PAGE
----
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Dubois stops Gorman, Joyce outpoints Jennings

Daniel Dubois put domestic Nathan Gorman to bed after five rounds of quality boxing, mixed with heavy-handed ferocity, in Saturday night’s big British brawl.

Dubois’ jab was making the difference for him, setting up the right hand behind. It was the sweeping left hook to the body that was working effectively for the Londoner. Preferring to lead with the left hook upstairs, Gorman’s jab was nonexistent.

The Nantwich man seemed slightly panicked at times and had to survive a third-round knockdown from cuffing shots to the top of the head, and behind the ear. Gorman, cut around the right eye, rallied to turn the round into a good old fashioned slugfest as both men swung for the hills.

Clearly the bigger puncher, Dubois was hurting his opponent more and more. The 21-year-old’s range finder was working overtime; battering Gorman, pushing him back and setting up the power shots.

Gorman was dropped in the fifth and cut a sorry figure when counted out by referee Victor Loughlin.

“I was very confident in my power, and it worked tonight,” said Dubois afterwards. “Every fight is a learning fight for me. I’m learning on the job.”

“I got caught with a good shot, and he’s a big, strong man,” said Gorman who agreed that Dubois was the better man on the night.

Even though promoter Frank Warren should’ve perhaps put the main event on a little earlier, he provided a solid undercard of quality matchups.

In an intriguing, engaging 12-round affair Joe Joyce outpointed Bryant Jennings for the biggest win of his professional career. Jennings hurt Joyce with a body shot in the second round but was blowing more as the rounds progressed as he struggled to contain Joyce’s work-rate. Joyce, 33, often punches robotically. His gas tank will make him a handful for anyone. Veteran Jennings lacks huge power, and he was not landing frequently enough -a few right hands aside- to dissuade the Adam Booth-trained contender.

Both men appeared to be feeling the grind in the sixth as the pace understandably slackened. Jennings’ corner became excited in the 10th when their man caught the home fighter napping. Joyce responded with a burst of shots – many of which were blocked on arms and gloves. Like Bermane Stiverne before him, Jennings’ overhand right exploited Joyce’s low left hand.

Joyce will be a handful for any reasonable heavyweight. The Olympic silver medallist has not been messing around with his level of opposition, but may lack the finesse to trouble the elite, who could lead him a merry dance or catch him in between flurries.

Liam Williams is maturing into a solid middleweight contender. The Welshman has found his niche at the new weight and is going in for the finish and killing off opponents at the earliest available opportunity. Seasoned visitor Karim Achour had mixed in good company, including David Lemieux, the big-hitting Canadian who was unable to knock out Achour. Indeed, nobody had stopped Achour…until now.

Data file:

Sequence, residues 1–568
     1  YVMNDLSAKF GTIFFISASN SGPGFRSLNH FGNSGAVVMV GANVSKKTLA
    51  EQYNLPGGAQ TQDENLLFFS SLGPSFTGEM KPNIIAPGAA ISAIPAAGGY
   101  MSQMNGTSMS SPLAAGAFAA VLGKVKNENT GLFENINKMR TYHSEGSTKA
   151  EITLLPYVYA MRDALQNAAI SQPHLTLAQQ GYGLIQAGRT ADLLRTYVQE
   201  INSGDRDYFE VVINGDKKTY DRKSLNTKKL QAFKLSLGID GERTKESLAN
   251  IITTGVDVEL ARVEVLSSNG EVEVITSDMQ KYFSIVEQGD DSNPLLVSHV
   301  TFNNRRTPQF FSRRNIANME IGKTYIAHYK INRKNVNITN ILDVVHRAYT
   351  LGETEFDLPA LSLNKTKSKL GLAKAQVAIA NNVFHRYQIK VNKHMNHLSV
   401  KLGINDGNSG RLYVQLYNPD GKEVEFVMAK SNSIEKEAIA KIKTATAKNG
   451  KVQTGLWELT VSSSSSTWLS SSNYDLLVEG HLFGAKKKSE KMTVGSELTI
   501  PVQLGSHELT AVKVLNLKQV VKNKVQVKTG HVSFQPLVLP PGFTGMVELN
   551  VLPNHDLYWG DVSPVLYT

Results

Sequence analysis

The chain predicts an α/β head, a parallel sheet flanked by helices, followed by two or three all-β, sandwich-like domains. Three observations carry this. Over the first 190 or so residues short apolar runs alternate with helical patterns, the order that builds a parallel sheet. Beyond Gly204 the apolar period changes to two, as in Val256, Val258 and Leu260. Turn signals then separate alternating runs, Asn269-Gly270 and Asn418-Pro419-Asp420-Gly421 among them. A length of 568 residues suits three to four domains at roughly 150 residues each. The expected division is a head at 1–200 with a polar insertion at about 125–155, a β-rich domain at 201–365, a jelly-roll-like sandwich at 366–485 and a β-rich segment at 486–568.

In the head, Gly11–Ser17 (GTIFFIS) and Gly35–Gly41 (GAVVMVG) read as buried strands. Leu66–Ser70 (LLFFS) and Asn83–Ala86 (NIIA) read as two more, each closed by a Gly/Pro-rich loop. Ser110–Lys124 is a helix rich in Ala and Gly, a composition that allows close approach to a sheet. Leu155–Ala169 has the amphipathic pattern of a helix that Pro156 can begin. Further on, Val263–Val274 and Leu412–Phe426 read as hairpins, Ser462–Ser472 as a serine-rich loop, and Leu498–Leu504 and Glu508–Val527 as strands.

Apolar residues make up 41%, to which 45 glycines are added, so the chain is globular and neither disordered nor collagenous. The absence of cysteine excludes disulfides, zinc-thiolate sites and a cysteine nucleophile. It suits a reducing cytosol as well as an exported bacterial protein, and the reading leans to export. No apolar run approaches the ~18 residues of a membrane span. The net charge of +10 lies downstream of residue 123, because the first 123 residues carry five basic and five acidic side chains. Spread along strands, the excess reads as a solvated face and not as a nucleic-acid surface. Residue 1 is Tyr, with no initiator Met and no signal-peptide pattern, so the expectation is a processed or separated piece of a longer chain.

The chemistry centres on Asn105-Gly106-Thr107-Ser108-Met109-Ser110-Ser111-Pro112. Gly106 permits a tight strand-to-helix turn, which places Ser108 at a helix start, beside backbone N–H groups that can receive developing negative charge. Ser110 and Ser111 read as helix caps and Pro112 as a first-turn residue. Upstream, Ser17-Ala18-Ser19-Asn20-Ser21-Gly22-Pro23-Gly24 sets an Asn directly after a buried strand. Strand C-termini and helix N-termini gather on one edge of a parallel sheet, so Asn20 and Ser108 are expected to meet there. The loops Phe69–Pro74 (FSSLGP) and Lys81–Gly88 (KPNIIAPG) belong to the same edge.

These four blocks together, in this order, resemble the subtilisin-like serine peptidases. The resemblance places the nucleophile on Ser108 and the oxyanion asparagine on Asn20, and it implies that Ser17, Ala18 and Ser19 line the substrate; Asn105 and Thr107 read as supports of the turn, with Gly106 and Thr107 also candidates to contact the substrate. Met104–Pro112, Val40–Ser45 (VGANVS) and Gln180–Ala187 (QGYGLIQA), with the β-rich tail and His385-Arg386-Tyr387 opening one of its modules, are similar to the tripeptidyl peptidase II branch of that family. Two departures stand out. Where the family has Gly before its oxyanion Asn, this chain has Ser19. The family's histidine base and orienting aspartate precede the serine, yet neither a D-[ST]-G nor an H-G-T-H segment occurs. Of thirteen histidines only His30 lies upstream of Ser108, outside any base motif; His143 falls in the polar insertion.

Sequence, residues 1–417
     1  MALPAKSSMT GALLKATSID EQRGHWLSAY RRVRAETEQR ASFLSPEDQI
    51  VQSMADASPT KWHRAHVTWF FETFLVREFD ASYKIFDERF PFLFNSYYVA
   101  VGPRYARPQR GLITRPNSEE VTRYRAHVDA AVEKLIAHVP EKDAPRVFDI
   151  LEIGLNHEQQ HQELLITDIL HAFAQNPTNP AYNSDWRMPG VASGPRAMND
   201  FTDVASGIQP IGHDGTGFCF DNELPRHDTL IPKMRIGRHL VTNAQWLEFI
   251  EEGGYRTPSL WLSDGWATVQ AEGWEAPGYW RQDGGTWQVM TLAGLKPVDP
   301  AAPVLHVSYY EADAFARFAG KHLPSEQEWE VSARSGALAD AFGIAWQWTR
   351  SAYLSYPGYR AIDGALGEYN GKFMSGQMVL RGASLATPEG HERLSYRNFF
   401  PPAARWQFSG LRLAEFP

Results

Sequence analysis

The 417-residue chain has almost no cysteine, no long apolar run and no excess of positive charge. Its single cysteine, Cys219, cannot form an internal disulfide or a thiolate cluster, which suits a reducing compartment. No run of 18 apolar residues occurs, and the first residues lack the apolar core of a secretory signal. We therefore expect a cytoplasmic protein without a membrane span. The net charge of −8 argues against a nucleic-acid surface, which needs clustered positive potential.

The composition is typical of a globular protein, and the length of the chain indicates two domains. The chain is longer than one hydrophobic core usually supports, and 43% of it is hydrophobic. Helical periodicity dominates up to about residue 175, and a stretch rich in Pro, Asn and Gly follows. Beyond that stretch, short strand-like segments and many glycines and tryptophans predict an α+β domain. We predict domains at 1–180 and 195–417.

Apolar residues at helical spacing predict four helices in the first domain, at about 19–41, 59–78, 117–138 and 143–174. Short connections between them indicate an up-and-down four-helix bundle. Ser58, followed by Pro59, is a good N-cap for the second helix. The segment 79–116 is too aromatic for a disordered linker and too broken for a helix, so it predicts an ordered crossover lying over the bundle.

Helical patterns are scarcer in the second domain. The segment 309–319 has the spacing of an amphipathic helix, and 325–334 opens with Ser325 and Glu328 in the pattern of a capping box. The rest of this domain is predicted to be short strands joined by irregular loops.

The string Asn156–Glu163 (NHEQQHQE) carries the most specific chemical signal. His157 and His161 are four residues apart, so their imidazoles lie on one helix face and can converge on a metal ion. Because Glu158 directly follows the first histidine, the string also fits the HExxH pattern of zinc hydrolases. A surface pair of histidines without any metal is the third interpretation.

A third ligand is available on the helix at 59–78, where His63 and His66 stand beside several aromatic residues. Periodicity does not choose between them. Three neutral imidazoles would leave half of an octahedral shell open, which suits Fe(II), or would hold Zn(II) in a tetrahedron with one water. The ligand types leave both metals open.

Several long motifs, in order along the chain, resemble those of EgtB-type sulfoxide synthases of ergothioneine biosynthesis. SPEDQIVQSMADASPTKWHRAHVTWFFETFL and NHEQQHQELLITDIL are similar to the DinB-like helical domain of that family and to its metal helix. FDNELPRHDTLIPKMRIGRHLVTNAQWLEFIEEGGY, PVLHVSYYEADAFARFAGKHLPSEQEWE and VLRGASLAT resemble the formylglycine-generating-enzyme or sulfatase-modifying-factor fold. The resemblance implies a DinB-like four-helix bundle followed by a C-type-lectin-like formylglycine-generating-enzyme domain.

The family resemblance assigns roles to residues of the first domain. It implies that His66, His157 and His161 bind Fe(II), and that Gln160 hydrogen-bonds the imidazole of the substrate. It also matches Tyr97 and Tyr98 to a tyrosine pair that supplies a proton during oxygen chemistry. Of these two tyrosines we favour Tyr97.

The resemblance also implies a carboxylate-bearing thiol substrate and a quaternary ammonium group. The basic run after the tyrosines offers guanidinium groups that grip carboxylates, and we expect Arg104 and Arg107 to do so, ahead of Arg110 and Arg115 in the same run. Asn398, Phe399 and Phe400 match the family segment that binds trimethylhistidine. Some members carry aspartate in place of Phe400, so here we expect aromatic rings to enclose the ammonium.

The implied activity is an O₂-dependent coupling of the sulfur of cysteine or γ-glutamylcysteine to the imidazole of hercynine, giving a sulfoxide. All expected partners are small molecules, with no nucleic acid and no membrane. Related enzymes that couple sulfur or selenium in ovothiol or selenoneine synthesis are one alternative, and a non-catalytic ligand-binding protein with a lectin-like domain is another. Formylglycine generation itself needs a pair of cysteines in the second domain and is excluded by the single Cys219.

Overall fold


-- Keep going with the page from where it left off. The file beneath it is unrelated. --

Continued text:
Dropping the Frenchman in the second round, Karim stumbled to his feet appearing dazed. Williams expertly maintained distance, remained composed and dropped him again. A combination of Achour’s corner, and the referee ended it in the second session. An excellent statement victory for Williams who is chasing bigger nights.

In a battle of super-featherweight talents, Archie Sharp outpointed Jordan McCorry. Tall for the weight, languid Sharp stepped off, for the most part, trying to catch his marauding foe rushing in. McCorry had successes very early on, especially with the left hook. The Scot was felled in the third by a peach of a shot to the body. Sharp by name, sharp by nature, the Welling man stood off and allowed McCorry to see out the session. Archie displayed the confidence of a fighter who knew his time would come sooner rather than later. His win came, but it was much later as McCorry’s unabating toughness kept him in the contest until the 10th and final round. Sharp swept up on the cards. The loser gained much credit in defeat.

Sunny Edwards was always too quick for Hiram Gallardo. The Mexican visitor was adjudged to have touched down in the second round (it was more of a hook and throw from Edwards), giving the favourite a 10-8 round. Switch-hitting, sliding in and out of range, Edwards ran home a wide winner, taking home every rounds on all three judges’ cards. The victor complained of a sore left hand in between the seventh and eight rounds. Sunny Edwards has been vocally chasing the likes of Paddy Barnes and Muhammad Waseem. Sheffield’s Tommy Frank also fancies a crack, while Jay Harris has been mentioned as a potential future opponent.

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Steve Wellings
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Honorary graduate of the Prison Canteen. Covering boxing since 2005 ~ Wolves fan ~ wannabe boxing raconteur.

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